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Ann N Y Acad Sci. 2015 Apr;1342:29-36. doi: 10.1111/nyas.12618. Epub 2015 Feb 11.

Modeling malaria in humanized mice: opportunities and challenges.

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  • 1Department of Molecular Biology, Princeton University, Princeton, New Jersey.


About half of the world is at risk for developing malaria, which killed over 600,000 people in 2012 alone. The limited host range of the Plasmodium species that cause malaria in humans poses challenges for studying these parasites in experimentally tractable in vivo systems. To address this challenge, humanized mice have been constructed in which the tissue compartments relevant to the mammalian stages of plasmodial parasites are humanized. The development of human liver chimeric mice, human erythroid chimeric mice, and dually engrafted mice now allows for faithful replication of the entire Plasmodium falciparum life cycle. Although refinements to these models are still needed, humanized mice provide a promising small-animal model to study development of P. falciparum and, conceivably, other human malarial parasite species, and may also aid in drug and vaccine development.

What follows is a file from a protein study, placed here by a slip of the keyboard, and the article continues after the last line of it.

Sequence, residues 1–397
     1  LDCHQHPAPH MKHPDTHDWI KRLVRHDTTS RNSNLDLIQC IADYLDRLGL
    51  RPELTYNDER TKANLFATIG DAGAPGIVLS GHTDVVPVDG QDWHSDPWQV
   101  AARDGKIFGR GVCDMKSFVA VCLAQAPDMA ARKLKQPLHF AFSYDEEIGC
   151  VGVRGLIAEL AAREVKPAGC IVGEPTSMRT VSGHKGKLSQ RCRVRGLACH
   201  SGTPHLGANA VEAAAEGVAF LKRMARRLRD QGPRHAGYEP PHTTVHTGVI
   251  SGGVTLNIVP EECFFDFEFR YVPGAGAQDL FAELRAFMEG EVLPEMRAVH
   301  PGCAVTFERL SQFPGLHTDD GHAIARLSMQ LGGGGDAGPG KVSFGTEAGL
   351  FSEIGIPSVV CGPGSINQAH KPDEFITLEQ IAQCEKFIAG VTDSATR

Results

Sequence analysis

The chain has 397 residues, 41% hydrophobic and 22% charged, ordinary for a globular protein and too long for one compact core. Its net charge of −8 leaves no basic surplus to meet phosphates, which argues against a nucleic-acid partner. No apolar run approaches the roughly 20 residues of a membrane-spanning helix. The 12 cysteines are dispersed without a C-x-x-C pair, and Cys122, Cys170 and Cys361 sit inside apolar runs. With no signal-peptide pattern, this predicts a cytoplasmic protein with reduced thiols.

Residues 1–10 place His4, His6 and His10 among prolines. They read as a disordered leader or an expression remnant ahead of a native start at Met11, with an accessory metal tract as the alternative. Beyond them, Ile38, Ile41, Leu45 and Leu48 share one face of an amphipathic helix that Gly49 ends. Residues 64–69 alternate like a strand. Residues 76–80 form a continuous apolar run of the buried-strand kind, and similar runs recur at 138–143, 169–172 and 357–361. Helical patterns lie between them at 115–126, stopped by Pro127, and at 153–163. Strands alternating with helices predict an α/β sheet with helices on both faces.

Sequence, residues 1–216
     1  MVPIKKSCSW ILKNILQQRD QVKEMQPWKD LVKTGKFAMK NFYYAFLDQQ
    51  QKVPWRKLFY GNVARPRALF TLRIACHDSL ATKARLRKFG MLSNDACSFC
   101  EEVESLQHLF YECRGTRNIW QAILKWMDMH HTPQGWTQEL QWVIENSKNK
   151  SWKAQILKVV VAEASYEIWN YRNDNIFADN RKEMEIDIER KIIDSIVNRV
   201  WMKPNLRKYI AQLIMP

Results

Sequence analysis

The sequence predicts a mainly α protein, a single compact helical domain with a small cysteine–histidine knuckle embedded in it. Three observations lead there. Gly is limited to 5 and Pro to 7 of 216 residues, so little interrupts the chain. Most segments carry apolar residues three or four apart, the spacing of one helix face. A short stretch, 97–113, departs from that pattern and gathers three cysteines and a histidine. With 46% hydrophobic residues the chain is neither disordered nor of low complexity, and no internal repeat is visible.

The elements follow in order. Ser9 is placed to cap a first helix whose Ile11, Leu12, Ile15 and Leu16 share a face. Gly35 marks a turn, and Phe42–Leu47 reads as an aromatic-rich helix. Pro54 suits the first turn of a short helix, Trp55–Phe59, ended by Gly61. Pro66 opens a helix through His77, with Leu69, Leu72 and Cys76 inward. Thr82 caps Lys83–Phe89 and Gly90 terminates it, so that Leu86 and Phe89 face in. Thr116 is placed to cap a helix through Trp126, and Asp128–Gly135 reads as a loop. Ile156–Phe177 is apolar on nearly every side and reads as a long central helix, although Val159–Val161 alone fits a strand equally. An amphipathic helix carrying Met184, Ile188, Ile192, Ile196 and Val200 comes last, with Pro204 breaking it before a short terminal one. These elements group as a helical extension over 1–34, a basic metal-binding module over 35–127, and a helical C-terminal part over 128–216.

humanized mice; malaria, Plasmodium falciparum

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